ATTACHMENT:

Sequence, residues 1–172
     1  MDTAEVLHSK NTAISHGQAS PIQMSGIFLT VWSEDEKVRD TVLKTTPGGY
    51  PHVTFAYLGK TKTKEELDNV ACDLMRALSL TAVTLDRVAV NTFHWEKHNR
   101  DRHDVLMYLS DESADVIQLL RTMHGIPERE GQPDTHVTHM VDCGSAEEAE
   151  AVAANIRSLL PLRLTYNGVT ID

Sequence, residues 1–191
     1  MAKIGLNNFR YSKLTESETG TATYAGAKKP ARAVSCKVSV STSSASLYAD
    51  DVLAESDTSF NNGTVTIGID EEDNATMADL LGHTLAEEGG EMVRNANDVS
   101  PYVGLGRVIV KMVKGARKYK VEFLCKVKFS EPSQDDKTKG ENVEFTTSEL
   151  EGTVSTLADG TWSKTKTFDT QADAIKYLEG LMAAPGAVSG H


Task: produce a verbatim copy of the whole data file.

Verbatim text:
Sequence, residues 1–172
     1  MDTAEVLHSK NTAISHGQAS PIQMSGIFLT VWSEDEKVRD TVLKTTPGGY
    51  PHVTFAYLGK TKTKEELDNV ACDLMRALSL TAVTLDRVAV NTFHWEKHNR
   101  DRHDVLMYLS DESADVIQLL RTMHGIPERE GQPDTHVTHM VDCGSAEEAE
   151  AVAANIRSLL PLRLTYNGVT ID

Sequence, residues 1–191
     1  MAKIGLNNFR YSKLTESETG TATYAGAKKP ARAVSCKVSV STSSASLYAD
    51  DVLAESDTSF NNGTVTIGID EEDNATMADL LGHTLAEEGG EMVRNANDVS
   101  PYVGLGRVIV KMVKGARKYK VEFLCKVKFS EPSQDDKTKG ENVEFTTSEL
   151  EGTVSTLADG TWSKTKTFDT QADAIKYLEG LMAAPGAVSG H